On Aug 21, 2017 a total solar eclipse will be visible coast to coast in the United States. The diagram above is from http://eclipse.gsfc.nasa.gov Millions of people will be able to see it as it sweeps from Oregon to South Carolina. Before and after the total solar eclipse there will be partial phases. The sun will be too bright to view without proper equipment. One should never look directly at the Sun. Your vision is AT RISK! This instructable is about making a safe set of binocular filters. The MOST important purchase is to buy safe filter material. I brought a letter paper sized piece of Baade solar filter film for about $20. You can find several suppliers on the Web but I would recommend buying from one of the large amateur telescope companies that have long experience in selling the film and not taking any risks with your vision for a dollar or two. .
Step 1: A True Story
I saw my first solar eclipse while I was in high school a long time ago. In that distant past even the telescope companies sometimes provided rear solar filters that fit the eyepiece of a telescope. There were articles about making jury rig filters using smoked glass and exposed 35mm film. Looking at the Sun through a jury rigged filter is dangerous. My filter melted in the heat and I was lucky that my friend was standing by and noticed. I was lucky I didn't look through the telescope and to not to have my vision damaged. DON'T do what I did.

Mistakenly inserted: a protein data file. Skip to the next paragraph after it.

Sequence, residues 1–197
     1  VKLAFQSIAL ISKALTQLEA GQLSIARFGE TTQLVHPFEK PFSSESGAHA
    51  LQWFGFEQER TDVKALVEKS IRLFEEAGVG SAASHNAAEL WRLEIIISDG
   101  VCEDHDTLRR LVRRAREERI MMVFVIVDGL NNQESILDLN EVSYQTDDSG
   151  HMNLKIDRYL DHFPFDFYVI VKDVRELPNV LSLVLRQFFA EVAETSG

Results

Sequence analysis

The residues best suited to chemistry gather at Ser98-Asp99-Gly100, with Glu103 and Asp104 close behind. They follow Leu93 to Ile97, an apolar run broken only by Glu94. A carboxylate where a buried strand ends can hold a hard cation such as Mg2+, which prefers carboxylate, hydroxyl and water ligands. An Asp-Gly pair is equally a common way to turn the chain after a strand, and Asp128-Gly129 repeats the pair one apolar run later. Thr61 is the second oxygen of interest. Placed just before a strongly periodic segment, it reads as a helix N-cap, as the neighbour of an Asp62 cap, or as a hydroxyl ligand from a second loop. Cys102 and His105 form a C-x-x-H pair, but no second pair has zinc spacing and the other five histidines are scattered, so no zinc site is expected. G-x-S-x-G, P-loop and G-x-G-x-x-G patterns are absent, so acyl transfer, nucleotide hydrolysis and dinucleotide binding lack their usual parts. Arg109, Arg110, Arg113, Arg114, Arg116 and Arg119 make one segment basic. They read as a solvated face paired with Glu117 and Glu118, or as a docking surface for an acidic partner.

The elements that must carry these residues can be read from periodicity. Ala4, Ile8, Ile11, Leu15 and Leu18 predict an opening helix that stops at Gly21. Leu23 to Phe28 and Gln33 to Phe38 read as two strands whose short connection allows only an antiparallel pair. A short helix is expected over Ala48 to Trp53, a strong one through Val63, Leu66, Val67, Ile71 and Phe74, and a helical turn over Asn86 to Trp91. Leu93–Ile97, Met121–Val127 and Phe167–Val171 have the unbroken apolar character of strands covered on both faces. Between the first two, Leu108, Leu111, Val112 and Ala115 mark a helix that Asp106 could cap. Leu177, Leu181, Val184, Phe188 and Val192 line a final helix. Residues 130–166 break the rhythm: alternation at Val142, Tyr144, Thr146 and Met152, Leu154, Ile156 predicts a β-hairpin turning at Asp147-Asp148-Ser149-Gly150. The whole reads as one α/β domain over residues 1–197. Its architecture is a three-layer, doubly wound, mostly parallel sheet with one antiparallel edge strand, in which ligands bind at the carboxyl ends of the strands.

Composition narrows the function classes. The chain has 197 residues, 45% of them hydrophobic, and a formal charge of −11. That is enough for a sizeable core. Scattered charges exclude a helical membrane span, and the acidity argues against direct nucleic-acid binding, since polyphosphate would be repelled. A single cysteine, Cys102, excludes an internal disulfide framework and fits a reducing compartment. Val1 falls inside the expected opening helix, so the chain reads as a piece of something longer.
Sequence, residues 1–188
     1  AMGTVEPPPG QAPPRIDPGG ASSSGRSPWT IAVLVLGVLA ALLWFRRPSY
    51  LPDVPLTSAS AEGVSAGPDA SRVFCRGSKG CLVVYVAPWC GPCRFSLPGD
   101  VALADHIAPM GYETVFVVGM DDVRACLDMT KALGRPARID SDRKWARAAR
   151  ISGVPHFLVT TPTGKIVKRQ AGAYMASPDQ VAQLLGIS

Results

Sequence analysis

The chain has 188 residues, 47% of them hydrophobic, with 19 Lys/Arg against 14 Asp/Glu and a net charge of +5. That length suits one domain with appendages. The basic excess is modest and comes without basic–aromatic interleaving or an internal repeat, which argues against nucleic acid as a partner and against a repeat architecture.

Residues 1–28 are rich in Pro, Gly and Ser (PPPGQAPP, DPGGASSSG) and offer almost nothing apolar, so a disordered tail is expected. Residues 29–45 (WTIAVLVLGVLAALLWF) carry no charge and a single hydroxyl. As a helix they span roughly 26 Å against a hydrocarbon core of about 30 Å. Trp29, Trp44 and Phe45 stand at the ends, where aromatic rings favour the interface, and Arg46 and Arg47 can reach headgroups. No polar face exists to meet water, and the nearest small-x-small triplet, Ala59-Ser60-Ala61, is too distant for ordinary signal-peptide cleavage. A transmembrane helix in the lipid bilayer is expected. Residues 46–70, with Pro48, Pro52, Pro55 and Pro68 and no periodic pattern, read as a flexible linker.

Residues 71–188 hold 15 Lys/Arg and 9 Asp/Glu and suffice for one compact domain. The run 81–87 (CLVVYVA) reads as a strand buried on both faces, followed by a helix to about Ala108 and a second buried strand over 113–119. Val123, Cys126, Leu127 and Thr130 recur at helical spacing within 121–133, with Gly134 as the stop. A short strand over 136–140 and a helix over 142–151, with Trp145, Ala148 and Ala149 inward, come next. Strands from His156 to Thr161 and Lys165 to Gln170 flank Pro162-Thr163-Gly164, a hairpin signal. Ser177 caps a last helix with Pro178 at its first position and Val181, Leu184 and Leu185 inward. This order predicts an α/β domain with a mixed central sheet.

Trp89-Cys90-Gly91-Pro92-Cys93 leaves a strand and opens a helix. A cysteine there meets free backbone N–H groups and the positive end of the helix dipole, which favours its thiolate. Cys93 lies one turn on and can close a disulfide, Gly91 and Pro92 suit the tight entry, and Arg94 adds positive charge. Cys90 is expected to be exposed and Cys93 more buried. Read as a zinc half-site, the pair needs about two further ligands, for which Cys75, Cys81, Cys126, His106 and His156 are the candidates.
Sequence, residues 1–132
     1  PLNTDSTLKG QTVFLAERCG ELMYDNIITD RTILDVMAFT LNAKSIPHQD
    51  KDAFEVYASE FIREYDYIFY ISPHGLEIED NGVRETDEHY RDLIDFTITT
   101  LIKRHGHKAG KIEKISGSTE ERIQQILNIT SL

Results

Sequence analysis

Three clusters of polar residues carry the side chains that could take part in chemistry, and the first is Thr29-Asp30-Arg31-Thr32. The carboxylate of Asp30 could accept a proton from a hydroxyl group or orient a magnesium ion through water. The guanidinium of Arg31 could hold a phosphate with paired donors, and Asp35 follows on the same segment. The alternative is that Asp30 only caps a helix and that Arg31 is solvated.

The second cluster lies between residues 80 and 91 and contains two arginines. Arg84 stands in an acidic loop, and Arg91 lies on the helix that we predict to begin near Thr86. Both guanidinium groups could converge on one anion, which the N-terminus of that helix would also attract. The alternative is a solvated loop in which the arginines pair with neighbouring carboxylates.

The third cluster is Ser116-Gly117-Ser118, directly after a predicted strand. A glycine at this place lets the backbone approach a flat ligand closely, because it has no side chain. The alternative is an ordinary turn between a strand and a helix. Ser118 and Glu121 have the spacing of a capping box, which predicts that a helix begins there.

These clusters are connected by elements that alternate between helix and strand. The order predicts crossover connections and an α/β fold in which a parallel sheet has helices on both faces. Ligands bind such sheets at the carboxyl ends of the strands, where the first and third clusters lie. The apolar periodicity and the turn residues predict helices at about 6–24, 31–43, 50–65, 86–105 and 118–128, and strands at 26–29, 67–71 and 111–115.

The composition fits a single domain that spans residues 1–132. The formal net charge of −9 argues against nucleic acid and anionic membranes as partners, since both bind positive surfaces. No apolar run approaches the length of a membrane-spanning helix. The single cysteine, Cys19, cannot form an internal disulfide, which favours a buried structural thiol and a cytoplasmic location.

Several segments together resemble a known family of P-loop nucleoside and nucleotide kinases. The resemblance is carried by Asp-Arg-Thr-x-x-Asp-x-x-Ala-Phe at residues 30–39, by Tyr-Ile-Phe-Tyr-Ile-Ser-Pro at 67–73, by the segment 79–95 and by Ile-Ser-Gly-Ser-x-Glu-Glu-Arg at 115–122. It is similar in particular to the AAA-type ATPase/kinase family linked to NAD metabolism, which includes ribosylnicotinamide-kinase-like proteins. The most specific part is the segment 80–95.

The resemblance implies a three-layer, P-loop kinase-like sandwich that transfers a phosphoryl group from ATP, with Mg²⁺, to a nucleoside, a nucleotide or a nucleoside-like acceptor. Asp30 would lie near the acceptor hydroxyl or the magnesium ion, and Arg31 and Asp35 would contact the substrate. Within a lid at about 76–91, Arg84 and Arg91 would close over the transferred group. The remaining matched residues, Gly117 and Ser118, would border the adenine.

Step 2: Choosing Binoculars and Filter Holder Template
The first step is to choose the size of binoculars you are going to use. The Sun happens to appear about the same size in the sky as the Moon. I would suggest looking at the Moon to get an idea of how large the Sun will appear. My binoculars are 15x60mm. Measure the outside diameter of the front of the binoculars. Mine were about 72mm. I then made a cardstock template with 72mm circles. Use both circles to make the front and back of the filter holder.
Step 3: Cutting the Template
Next cut one side out entirely and the other cut into triangular slices. For the triangular cuts Cut to a little beyond the circle so when we fold the flaps back the cutout will include the entire circle.
Step 4: Fold Back the Flaps in the Rear Filter Holder
Step 5: Cut the Solar Film
I needed a piece of film 80 mm square to cover the circle completely. The film is easily cut with scissors. I made a score with a razor knife to mark where to cut the film.
Step 6: Tape the Film to the Front Filter
I taped the four corners of the film being careful not to have any wrinkles. Put some glue carefully around the edges, align with the other half of the filter and seal in the film.
Step 7: Finished Filter- Front and Back
Here is a front and back view of the finished filter holder. I mounted the filter to the front of the binoculars with a wide rubber band. For extra security I think bending the flaps over the rubber band and taping everything in place is a good idea. Remember your vision is at RISK. Be careful if it is windy or with children present. IIMPORTANT do not use a filter like this at the rear of the binoculars. The heat buildup from the concentrated sunlight could damage the film and your eyes.
Step 8: Filters Mounted and Links
Here is the filter mounted on my binoculars. Obviously making a second one is just like the first. Or you could just cap the other lens and use as a monocular. I also bought a bracket for holding my binoculars on a tripod. The partial phases will last hours and holding them without damaging the filters would be a chore. The filters I have produced an orange colored Sun and I clearly saw a nice sunspot group today (June 19, 2016). Useful link for finding SAFE solar film and solar viewing glasses and where to see the eclipse. http://www.greatamericaneclipse.com